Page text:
One of your research publications in 2010 reported on the breakthrough discovery that you could grow mice with a pancreas made of rat cells, the first successful use of intraspecific blastocyst complementation (Cell, DOI: 10.1016/j.cell.2010.07.039). In 2017, you expanded on that by successfully curing diabetic mice by transplanting mouse insulin-producing pancreas cells that had been grown in rats (Nature, DOI: 10.1038/nature21070). How did you and your collaborators feel when you were collecting those data? When did you recognize their importance?
I had this idea for so many years, but I was not able to find a student brave enough to dive into what some people thought was a "crazy, science fiction-like project." Luckily, I eventually found a brave and very smart graduate student and we were able to show the generation of kidneys from embryonic stem cells. Once we succeeded in getting this surprising data, people started to realize the potential of this method and became supportive.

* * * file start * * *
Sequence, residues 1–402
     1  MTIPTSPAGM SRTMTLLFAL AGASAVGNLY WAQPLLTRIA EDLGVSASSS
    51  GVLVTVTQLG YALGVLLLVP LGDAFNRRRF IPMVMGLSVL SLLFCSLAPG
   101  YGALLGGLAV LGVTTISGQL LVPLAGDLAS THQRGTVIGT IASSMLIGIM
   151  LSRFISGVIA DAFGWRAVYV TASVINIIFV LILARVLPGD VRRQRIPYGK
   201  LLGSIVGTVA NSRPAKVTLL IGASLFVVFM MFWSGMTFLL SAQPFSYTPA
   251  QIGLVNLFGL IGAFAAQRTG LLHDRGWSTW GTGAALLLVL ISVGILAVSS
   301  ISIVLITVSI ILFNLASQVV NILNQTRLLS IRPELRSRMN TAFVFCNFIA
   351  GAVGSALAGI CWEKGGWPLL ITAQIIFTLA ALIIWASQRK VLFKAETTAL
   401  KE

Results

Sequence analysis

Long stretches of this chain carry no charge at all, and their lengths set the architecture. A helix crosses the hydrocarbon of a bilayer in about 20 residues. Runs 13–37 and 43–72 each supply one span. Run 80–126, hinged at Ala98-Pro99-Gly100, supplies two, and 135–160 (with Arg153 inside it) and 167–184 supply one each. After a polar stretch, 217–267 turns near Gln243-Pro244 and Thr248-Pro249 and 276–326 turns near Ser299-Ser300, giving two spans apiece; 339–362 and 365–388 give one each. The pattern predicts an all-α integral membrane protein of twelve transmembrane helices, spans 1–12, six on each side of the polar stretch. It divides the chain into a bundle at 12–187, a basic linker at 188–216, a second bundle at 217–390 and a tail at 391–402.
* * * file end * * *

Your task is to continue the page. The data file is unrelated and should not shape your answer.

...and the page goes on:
Later, this graduate student told me that his fingers were shaking with excitement while he opened the abdomen of the mouse to see the pancreas glowing green under fluorescent light, signaling that it had grown from rat cells. I think he will never be able to leave the scientific world after experiencing such success and excitement during his graduate student days.
How do you hope research efforts on interspecies mammalian chimeras (organisms in which genetically different cells are mixed) will progress in the next 10 years?
I am getting old, so it is good to have replacement organs for myself. Hopefully, I will succeed in making human organs within 5 years, and they will become clinically available for transplantation within 10 years.